Snapshot Testing React with Jest

By Dave Ceddia Comment
Snapshot Testing React with Jest

This article was originally published at Semaphore CI. Semaphore has a lot of other great tutorials too – check them out!


Testing is a double-edged sword. On one hand, having a solid test suite makes code easier to refactor, and gives confidence that it works the way it should. On the other hand, tests must be written and maintained. They have a cost, like any other code.

In a magical world, we could write our code, and then verify that it works with very little extra code.

Snapshot tests come close to offering this dreamy future. In this tutorial, we will go over what snapshot tests are and how to start using them with React.

What is a Snapshot Test?

A snapshot test verifies that a piece of functionality works the same as it did when the snapshot was created. It’s like taking a picture of an app in a certain state, and then being able to automatically verify that nothing has changed.

I used the word “picture” there, but the snapshot tests we’ll be looking at have nothing to do with images or screenshots. They are purely textual.

Here’s an example. Let’s say you created a React component which renders a list of 3 things, like this:

A simple list of things

Once you have it working, you could manually take a “snapshot” of it by copying and pasting its HTML representation into a file.

<ul class="todo-list">
  <li class="todo-item">A New Hope</li>
  <li class="todo-item">The Empire Strikes Back</li>
  <li class="todo-item">Return of the Jedi</li>

Then, later on, you could verify that the component still works correctly by rendering it with the same data, and comparing the rendered HTML against the saved snapshot.

This is, essentially, what a snapshot test does. The first time it is run, it saves a textual snapshot of the component. Next time it runs (and every time thereafter) it compares the rendered component to the snapshot. If they differ, the test fails. Then, you have the opportunity to either update the snapshot, or fix the component to make it match.

Write the Component First

An important consequence of the way snapshot tests work is that the component should already work before you write a test for it. Snapshot testing is not test-driven development.

Strict test-driven development follows the “red-green-refactor” pattern: write a failing test, then write enough code to make that test pass, then refactor if necessary.

Snapshot testing, in contrast, follows something like a “green-green-refactor” approach: make the component work, then write a test to take a snapshot, then refactor if necessary.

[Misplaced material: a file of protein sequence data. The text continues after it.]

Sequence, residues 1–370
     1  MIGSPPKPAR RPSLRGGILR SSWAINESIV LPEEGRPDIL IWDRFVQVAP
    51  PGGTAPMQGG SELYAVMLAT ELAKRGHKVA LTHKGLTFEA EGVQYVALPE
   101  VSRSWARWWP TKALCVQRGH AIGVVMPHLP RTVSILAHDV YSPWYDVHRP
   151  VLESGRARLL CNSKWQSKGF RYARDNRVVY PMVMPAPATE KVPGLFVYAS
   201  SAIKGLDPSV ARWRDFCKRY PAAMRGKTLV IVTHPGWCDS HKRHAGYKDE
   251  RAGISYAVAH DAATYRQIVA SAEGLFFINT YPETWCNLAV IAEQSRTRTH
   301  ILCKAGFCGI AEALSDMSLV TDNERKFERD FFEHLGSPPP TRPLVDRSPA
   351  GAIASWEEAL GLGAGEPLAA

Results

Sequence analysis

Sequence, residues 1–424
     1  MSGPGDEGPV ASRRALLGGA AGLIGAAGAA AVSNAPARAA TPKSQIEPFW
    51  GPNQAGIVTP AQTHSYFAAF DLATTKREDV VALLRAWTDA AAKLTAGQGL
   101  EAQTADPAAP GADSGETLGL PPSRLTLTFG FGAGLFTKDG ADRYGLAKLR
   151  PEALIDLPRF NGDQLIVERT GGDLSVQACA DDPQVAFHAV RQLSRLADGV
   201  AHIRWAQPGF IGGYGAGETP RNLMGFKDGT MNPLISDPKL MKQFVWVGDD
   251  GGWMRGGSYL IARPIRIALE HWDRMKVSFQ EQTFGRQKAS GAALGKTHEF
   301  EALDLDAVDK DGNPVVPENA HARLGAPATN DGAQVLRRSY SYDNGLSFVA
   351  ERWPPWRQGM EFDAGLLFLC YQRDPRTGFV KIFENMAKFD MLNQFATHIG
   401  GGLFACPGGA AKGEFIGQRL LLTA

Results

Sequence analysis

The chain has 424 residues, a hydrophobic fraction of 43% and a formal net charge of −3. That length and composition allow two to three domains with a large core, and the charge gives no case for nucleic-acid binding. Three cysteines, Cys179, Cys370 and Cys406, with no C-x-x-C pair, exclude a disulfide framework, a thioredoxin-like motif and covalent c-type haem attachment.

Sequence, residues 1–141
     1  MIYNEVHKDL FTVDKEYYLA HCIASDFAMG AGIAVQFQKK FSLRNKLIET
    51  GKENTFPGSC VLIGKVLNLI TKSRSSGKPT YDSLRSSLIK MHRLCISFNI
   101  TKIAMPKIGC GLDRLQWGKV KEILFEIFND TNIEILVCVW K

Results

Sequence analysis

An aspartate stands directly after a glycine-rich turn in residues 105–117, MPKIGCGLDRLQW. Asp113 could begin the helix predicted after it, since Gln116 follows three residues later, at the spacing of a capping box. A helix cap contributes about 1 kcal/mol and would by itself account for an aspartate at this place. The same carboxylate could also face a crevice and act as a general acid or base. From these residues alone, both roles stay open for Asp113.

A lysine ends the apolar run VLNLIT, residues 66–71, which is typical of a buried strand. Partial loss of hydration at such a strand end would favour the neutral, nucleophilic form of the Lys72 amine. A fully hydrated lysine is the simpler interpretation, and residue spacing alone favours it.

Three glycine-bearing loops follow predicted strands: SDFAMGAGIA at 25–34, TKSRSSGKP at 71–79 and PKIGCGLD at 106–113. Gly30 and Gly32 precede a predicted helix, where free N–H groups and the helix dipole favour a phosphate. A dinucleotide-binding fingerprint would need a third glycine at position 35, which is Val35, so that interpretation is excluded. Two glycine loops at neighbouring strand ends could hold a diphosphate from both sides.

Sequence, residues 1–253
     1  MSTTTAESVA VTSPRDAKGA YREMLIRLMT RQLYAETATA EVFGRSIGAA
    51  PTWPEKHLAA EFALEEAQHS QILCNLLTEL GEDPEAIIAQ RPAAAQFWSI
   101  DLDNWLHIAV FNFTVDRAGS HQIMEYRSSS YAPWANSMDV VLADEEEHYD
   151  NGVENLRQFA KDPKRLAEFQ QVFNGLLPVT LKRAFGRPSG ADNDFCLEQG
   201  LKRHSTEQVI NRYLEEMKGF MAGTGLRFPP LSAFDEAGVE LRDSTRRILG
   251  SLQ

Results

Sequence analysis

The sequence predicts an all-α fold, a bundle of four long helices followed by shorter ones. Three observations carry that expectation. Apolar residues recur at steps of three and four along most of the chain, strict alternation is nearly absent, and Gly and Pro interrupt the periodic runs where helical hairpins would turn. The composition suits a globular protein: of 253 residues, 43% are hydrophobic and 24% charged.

TDD purists may think this sounds bad. We recommend thinking of snapshot testing as a tool in your arsenal – just one tool. It’s not a solution to every testing situation, just like TDD isn’t perfectly suited to every situation.

Likewise, snapshot testing doesn’t entirely replace other testing libraries and techniques. You can still use Enzyme and ReactTestUtils. You should still test Redux parts (actions, reducers, etc) in isolation.

Snapshot testing is a new tool to add to your toolbelt. It’s not a whole new toolbelt.

Try It Out

Now that we have the theory covered, let’s see what these snapshot tests look like and write a few of them.

If you don’t have an existing project, create one with Create React App and follow along:

  • Install node and npm if you don’t already have them
  • Install Create React App by running this command:

npm install -g create-react-app

  • Create a project by running:

create-react-app snapshot-testing

Introducing Jest

The tool we’ll be using to run these tests is called Jest. It is a test runner that also comes with expectations (the expect function) and mocks and spies. If you’ve done some testing before, you may be familiar with libraries like Mocha, Sinon, and Chai for handling these pieces – Jest provides everything in one package. The full API can be seen here. It also has the “snapshot testing” feature we’ll be using here, which no other tools currently have.

If you have an existing project that you’d like to add snapshot testing to, I will point you to the official documentation rather than duplicate it here. Even if you plan to integrate Jest into your own project, we suggest using Create React App and following the rest of this tutorial to get a feel for how snapshot testing works. For the rest of this tutorial, we’ll assume you’re using Create React App.

The project that Create React App generates comes with one test to start with. Try it out and make sure everything is working by running this command in the terminal:

npm test

This one command will run all the tests in “watch” mode. This means that after running all the tests once, it will watch for changes to files, and re-run the tests for the files that change.

You should see something like this:

One passing test

Jest’s built-in watch mode is one of the best things about it. Unlike most other testing tools that simply show you successes and failures, Jest goes out of its way to make testing easier. The team at Facebook has clearly been working at making the developer experience great.